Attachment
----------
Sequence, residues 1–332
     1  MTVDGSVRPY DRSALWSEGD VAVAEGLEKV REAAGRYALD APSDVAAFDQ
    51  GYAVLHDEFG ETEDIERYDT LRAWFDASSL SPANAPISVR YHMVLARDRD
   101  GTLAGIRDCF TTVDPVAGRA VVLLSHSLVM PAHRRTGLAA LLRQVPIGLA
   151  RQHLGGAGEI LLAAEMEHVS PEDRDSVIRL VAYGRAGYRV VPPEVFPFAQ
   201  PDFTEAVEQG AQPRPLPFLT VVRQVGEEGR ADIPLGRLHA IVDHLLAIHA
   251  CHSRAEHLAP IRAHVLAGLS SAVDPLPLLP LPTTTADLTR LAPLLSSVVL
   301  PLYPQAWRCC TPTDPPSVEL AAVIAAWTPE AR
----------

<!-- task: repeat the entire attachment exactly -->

Sequence, residues 1–332
     1  MTVDGSVRPY DRSALWSEGD VAVAEGLEKV REAAGRYALD APSDVAAFDQ
    51  GYAVLHDEFG ETEDIERYDT LRAWFDASSL SPANAPISVR YHMVLARDRD
   101  GTLAGIRDCF TTVDPVAGRA VVLLSHSLVM PAHRRTGLAA LLRQVPIGLA
   151  RQHLGGAGEI LLAAEMEHVS PEDRDSVIRL VAYGRAGYRV VPPEVFPFAQ
   201  PDFTEAVEQG AQPRPLPFLT VVRQVGEEGR ADIPLGRLHA IVDHLLAIHA
   251  CHSRAEHLAP IRAHVLAGLS SAVDPLPLLP LPTTTADLTR LAPLLSSVVL
   301  PLYPQAWRCC TPTDPPSVEL AAVIAAWTPE AR